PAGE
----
Yup. And he's guessing with the OP's money.

And another thing- in the year 2019, anyone who refers to themselves as a "mechanic", probably isn't one. Vehicle repair technicians have been referred to as "technicians" for decades.

Mike DZ
02-21-2019, 06:07 PM
Thanks, Vic! I figured it couldn't be the turbo... Let's see what happens with the fuel filter replacement (though I have a feeling I'm being ripped off on that and the filter could in fact be cleaned... shoulda checked it myself!)

If you are referring to the fuel filter when you suggest "the filter" could be cleaned - not a good idea - just remove and replace.

mrkbrnblm
02-21-2019, 06:08 PM
Check the vacuum solenoid located beneath the air filter, I would guess you have dislodged one of the vacuum hoses in changing the air filter.

Keith.

Thanks, Cheyenne. I'll check that as soon as I have it back. That seems like a very logical possibility.

mrkbrnblm
02-21-2019, 06:10 PM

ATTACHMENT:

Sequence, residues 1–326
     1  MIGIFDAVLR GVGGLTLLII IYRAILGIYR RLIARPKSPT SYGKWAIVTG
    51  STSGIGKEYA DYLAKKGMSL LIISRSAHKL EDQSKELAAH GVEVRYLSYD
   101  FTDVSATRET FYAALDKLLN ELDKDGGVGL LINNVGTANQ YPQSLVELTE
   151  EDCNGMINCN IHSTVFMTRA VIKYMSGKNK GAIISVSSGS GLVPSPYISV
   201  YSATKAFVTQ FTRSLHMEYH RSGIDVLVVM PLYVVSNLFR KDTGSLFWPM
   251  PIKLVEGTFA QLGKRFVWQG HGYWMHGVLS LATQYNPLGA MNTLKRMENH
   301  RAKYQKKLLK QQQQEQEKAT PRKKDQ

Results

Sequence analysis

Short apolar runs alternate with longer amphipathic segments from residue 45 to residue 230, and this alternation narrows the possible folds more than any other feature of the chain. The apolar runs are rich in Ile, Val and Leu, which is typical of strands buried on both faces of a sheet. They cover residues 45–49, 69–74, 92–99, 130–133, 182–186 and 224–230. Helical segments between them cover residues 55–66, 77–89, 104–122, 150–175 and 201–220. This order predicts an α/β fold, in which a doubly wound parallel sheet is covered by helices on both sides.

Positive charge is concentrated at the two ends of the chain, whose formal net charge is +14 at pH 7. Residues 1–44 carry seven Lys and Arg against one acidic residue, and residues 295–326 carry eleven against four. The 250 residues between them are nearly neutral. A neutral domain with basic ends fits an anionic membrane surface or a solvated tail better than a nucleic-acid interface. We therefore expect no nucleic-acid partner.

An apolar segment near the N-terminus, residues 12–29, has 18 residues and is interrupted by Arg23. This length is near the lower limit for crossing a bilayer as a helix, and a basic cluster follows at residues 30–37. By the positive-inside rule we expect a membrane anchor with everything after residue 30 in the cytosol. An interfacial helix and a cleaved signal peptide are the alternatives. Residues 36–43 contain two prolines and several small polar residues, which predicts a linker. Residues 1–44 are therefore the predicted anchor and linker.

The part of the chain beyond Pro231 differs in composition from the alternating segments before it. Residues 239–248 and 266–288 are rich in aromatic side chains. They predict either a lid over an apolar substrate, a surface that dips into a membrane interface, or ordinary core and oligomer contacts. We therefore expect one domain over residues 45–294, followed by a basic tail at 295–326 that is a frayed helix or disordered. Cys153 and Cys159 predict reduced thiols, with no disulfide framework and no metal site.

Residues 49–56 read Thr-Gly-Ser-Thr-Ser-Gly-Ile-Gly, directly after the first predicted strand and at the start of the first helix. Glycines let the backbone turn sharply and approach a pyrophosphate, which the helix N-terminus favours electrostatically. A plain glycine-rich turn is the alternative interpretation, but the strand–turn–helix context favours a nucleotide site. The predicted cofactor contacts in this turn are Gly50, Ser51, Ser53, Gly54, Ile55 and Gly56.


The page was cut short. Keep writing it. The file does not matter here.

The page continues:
Being an 03, the turbo actuator is electronic (earlier models used a vacuum controlled unit).

Did you mess with the MAF connector? If so, pop it off, inspect, and lubricate with with WD-40 before assembly. Listen for the faint click when it seats fully.

Check the ambient pressure sensor and wiring on the top of the filter box as well.

It sounds like your mechanic is guessing. These diesels are not terribly complicated, but require a specific understanding of how the ECM controls fuel and turbo boost. Without this you end up shotgunning parts (often very expensive).

I didn't disconnect the MAF connector but did disconnect the pressure sensor. I'll give them both a close inspection and report back.

The mechanic seems very confident but it certainly seems like he's guessing.

mrkbrnblm
02-21-2019, 06:11 PM
If you are referring to the fuel filter when you suggest "the filter" could be cleaned - not a good idea - just remove and replace.

Got it, thank you for the advice. That's what the mechanic suggested, so glad that wasn't poor advice.

mrkbrnblm
02-21-2019, 06:11 PM
Yup. And he's guessing with the OP's money.

And another thing- in the year 2019, anyone who refers to themselves as a "mechanic", probably isn't one. Vehicle repair technicians have been referred to as "technicians" for decades.

LOL, to be fair, the guy's business card says "senior technician"

Midwestdrifter